Most homeowners desire a roof that is not too expensive, requires no maintenance, and lasts forever. Nonetheless, virtually all roofs require some form of occasional upkeep and over time will eventually need to be repaired or replaced. Choosing a suitable roofing material and having it installed correctly can greatly assist in the effort to acquiring the ideal roof.
There is a wide choice of materials used to roof a house, ranging from composition to slate. Modern products like plastic, fiberglass, and concrete are available, and some innovative, energy-efficient homes are being roofed with “green” materials. New products are being developed to overcome the shortcomings of older roofing materials, meet the demands of modern building techniques, and conform to increasingly stringent building codes.
What follows is an overview of the most popular types of roofing materials. Remember that cost alone does not determine quality, and not all of these products will meet the needs of your home. By carefully selecting the right material, making sure it is installed properly, and performing modest maintenance occasionally, you can have a roof that functions properly for 20 to 50 years – or even longer.
Using an experienced and professional roofing contractor such as Performance Roofing will ensure that no matter the roofing material chosen for your home, the end product will deliver visually appealing results and reliable functionality for the future.
Popular among New England architecture and upscale homes, slate tile offers a wealth of benefits. These shingle-like slivers of rock are impervious to fire damage, insects, and rotting, and may often be seen functioning 100 years after installation. Although a physically heavy tile, slate is nontoxic, recyclable, and very energy efficient. Its natural look creates a timeless appearance for homes and may be laid out in a variety of patterns. Available in an array of sizes and colors, slate is a great upgrade for any structure and is commonly installed by Performance Roofing.
Metal roofs have been a favored roofing material for centuries. Made from galvanized or galvalume stainless steel, aluminum, and copper, the advantages of metal roofs make choosing the right roofing material an obvious decision for many individuals. Not only is metal roofing very energy efficient, it is also lightweight, extremely durable, recyclable, and unyielding to the dangers of other materials such as fire, insects, and mold. Metal roofing is almost maintenance free and is available in a variety of styles and colors. Quite practical in regions with heavy snowfall, metal roofing also is coming back into vogue in warmer climates such as southern California, where standing-seam steel roofing is the most popular residential metal roofing installed by Performance Roofing.
Common among structures built with southwestern, Italian, and Spanish Mission architecture, clay tiles offer superb protection with a long lifespan. Despite the physical weight of clay tile, it is resistant to fire, insects, rotting, and mold. Additionally, clay tile provides a distinctive look with its many available colors, types, styles, and brands. Similar to slate tile, clay is an all-natural roofing material that is nontoxic, recyclable, energy efficient, and requires little maintenance.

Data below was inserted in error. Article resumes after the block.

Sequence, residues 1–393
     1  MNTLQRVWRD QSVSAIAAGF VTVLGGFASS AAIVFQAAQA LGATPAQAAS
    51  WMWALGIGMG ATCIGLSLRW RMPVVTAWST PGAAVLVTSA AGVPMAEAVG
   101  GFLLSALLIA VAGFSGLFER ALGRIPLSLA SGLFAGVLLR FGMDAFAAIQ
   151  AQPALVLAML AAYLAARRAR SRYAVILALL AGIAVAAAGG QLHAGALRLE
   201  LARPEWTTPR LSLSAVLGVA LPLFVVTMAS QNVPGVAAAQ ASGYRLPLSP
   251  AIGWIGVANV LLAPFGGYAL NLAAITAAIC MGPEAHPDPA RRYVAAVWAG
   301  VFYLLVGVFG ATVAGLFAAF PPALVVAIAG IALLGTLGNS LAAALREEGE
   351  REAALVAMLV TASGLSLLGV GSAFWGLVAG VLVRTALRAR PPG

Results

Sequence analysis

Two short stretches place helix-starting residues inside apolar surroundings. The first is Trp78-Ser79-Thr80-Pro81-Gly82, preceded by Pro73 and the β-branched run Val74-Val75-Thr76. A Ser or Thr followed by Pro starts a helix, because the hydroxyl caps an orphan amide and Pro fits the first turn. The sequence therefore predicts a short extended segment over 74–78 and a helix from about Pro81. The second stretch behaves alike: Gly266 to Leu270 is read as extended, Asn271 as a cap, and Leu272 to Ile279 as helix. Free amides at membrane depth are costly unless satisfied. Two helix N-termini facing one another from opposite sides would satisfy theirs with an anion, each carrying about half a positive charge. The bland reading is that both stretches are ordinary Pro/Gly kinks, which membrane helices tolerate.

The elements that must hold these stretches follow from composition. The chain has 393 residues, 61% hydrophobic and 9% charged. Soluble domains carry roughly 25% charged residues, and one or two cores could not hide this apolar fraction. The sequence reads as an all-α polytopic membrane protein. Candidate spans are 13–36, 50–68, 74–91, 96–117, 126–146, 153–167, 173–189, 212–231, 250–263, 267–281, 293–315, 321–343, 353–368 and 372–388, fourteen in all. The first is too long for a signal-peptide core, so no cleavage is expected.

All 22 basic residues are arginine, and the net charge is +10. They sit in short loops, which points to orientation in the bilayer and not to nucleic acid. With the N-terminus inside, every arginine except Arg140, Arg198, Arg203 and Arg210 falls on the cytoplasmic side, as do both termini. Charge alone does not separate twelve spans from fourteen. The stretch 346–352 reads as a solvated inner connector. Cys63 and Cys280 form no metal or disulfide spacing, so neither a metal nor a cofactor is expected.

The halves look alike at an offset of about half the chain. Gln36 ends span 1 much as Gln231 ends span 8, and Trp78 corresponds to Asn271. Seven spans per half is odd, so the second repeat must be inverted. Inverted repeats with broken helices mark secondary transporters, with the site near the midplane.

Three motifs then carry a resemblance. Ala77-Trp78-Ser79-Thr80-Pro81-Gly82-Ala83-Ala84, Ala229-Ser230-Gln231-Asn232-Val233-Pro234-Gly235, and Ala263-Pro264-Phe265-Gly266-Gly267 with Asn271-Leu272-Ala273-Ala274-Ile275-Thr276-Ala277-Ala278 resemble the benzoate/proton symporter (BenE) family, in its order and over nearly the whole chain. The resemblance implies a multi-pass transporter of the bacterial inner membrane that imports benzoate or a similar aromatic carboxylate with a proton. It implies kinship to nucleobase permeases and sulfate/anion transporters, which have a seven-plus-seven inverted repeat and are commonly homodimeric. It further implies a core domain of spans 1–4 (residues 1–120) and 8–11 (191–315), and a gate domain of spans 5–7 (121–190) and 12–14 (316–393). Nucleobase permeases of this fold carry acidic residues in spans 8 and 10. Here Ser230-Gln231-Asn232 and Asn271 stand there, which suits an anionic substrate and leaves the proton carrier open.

Asphalt shingles are the most common roofing material in the United States, featured on over 75% of American roofs. Asphalt shingles come in a variety of colors, longevity options, and price points that are usually the least expensive option available. Furthermore, asphalt shingles adapt well to almost any type of climate and are durable solutions for structures across the country. This roofing material has a low insulative value and is usually not recyclable. Asphalt shingles are a viable solution for those looking for a lightweight, walkable, and less expensive roof.
Standard weight concrete tile is the most commonly used product on new production homes in southern California. Concrete tile comes in a variety of profiles to emulate historic roofing materials like wood shake, clay, and slate. Most manufacturers now have a selection of Cool Roof Tile colors available for reroof and new construction projects. These tiles are approved by the Cool Roof Rating Council (CRRC) and Energy Star. Concrete tiles of this nature help a project to qualify for newer codes that require “green” building practices (Tile 24). Available in standard weight for new construction and lightweight for reroof, concrete tile is a popular choice as an upgrade roof. Concrete tile is fireproof and is impervious to insects and rot.
Hot Mop or Torch Down
Hot mopped roofing, commonly referred to as Built-Up-Roofing (BUR), is typically installed on low sloped or flat roofs. It is applied in a series of layers of hot asphalt and interply sheets – usually fiberglass based – and topped with rock or granulated cap sheet. Newer technology has allowed the development of “low odor” or “no odor” asphalt, which has been one of the biggest drawbacks during its application.
Torch Down is a APP modified asphalt roll that is applied over a fiberglass base sheet. The asphalt on the back of the roll is melted with a torch then adhered solidly to the base sheet. It has a granulated surface and comes in many colors. This roofing material is a good option for a small patio or flat roof or when access is unavailable for a hot mop kettle. Material costs for asphalt rolled goods have risen sharply in 2011 due to the increased cost of oil.